It continued to look gloomy so I called my wife to come get me if she could.  By the time she showed up the rains had actually stopped though it was still cloudy.  I accepted the ride and by the time we got home even the clouds were pretty much gone.
I've often thought; if you live in the Pacific Northwest you must ride in rain a lot.  But I don't live in those places and more often than not have sunny times in which to ride.
Maybe the guys/gals riding in Portland and Seattle have rain gear.  I don't.
Generally, it's enough to find an overpass or an overhang; sooner or later the summer storm will move on.
I'm not sure I could adapt if I moved to the Pacific Northwest and wanted to keep riding;  rain dribbling down the back of the shirts is just a wee frustrating - cold too if you're in the Northwest.

A few years ago, my buddy Ed and I were on a long bike ride in central Florida.  There's a bike trail that goes over the Swanee River, wonders down into Chiefland and heads back to Bell.  We're in the last 15 miles and we see and hear a storm coming up our of the west.  It's nasty; unrelenting thunder and lightning.  We're not near any facilities, kind of out in the country but there's a wooden kiosk ahead that's been built for people on the trail.  We race to get there arriving about the same time the storm does.  It is incredible.  We're holding our ears and sitting up on the backs of the wooden benches being careful to not have our feet down in the water or be touching our metal bikes.  We're terrified we're going to be the recipients of a direct strike and Ed is temporarily uninsured.  We think being under a wooden roof is relatively safe but wonder what will happen if our bikes take a direct hit. It pours and pounds for a good half hour than moves off.  I suggest to Ed we can leave be he's still worried about being uninsured.  We had to wait another 1/2 hour before I could convince uninsured Ed that it was time to head on home.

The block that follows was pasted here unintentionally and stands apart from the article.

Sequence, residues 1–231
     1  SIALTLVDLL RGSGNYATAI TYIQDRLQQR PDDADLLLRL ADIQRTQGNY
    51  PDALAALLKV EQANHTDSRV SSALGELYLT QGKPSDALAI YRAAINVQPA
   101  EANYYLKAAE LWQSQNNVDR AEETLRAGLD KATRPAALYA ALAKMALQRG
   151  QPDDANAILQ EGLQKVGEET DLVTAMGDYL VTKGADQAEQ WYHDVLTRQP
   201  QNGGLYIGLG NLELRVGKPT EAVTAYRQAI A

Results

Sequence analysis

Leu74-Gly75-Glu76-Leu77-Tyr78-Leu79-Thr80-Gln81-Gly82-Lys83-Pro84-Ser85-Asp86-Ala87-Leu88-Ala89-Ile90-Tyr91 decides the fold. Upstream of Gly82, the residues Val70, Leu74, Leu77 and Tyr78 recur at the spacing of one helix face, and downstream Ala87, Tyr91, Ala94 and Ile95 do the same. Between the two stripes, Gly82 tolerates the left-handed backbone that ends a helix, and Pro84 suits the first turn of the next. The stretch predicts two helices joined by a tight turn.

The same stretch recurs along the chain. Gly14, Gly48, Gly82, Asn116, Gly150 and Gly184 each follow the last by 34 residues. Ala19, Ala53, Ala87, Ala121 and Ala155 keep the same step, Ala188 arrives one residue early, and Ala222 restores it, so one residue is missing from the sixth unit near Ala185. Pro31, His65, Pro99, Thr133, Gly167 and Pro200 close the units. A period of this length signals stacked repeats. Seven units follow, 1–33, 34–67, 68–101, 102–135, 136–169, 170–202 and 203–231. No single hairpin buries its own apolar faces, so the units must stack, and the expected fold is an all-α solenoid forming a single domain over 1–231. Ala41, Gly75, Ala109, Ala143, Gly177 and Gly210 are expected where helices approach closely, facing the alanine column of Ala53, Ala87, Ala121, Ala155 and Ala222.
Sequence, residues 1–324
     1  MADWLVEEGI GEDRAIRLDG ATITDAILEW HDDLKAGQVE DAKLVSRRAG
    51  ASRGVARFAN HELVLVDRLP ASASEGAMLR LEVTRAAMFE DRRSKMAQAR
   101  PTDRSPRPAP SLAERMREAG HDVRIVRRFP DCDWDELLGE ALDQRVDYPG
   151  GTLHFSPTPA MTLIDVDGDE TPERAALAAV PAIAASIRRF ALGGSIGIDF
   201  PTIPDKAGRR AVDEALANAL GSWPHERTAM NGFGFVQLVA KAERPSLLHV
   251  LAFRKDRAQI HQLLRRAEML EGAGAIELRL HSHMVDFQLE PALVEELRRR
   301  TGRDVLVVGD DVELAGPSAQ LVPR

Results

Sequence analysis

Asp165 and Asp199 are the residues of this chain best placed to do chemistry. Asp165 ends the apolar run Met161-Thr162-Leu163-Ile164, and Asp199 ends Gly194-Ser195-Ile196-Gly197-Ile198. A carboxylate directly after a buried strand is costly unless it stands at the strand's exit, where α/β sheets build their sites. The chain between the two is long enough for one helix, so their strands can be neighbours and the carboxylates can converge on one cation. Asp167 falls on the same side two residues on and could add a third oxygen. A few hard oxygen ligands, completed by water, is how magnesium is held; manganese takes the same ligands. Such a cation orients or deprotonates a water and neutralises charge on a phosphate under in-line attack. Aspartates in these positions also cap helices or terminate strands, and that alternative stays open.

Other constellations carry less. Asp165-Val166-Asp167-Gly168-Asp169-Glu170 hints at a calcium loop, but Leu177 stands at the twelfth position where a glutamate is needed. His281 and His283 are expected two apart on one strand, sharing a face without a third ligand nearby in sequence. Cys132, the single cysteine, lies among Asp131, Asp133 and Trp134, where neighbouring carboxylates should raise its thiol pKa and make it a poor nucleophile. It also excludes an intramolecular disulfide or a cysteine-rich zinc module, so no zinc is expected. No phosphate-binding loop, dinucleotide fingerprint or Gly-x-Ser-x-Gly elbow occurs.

Tomorrow's possibly another opportunity to ride in good enough weather.  If the rains come, I'll find another shelter in which to ride it out.

A bike ride? "It's all good."

Sunday, July 08, 2012

Meeting a cellist

My wife and I frequently attend our local symphony that is highly regarded among mid sized American cities.  Our first cellist is a young Russian of some world renown. Though I rarely sit in the front section, the way the orchestra is laid out, everybody can see the concertmaster (primo violinist) and also the first cellist who is always to the immediate right of the conductor as you look towards the stage.  Since the musicians are elevated on the stage it can be a little hard to assess their actual size. Our cellist is notable for very short hair and a cherubic look.
So I'm in this organic grocery store eating a sandwich when this young man walks to a table with his sandwich.  He's mid-sized, a cherubic face and has a short haircut.  However he's wearing knee length basketball shorts and a Tee shirt with sandals; pretty casually attired.   I keep looking, he reminds me our our symphony's cellist.  Hmm - Finally I work up the nerve walk over to catch his attention and ask him if he plays the cello.  He looks puzzled then responds, "Yes I do."   I tell him I have enjoyed his work in the symphony and he seems pleased.  I ask him how often he is recognized and he states, "all most never."
We have a brief discussion as to whether or not the concertmaster is more often recognized, Alexei responds; "of course, he's the boss."  But in the classical music world, it's possible Alexei is more famous.  He is superb.  It was fun chatting with him; seemed like a nice young man.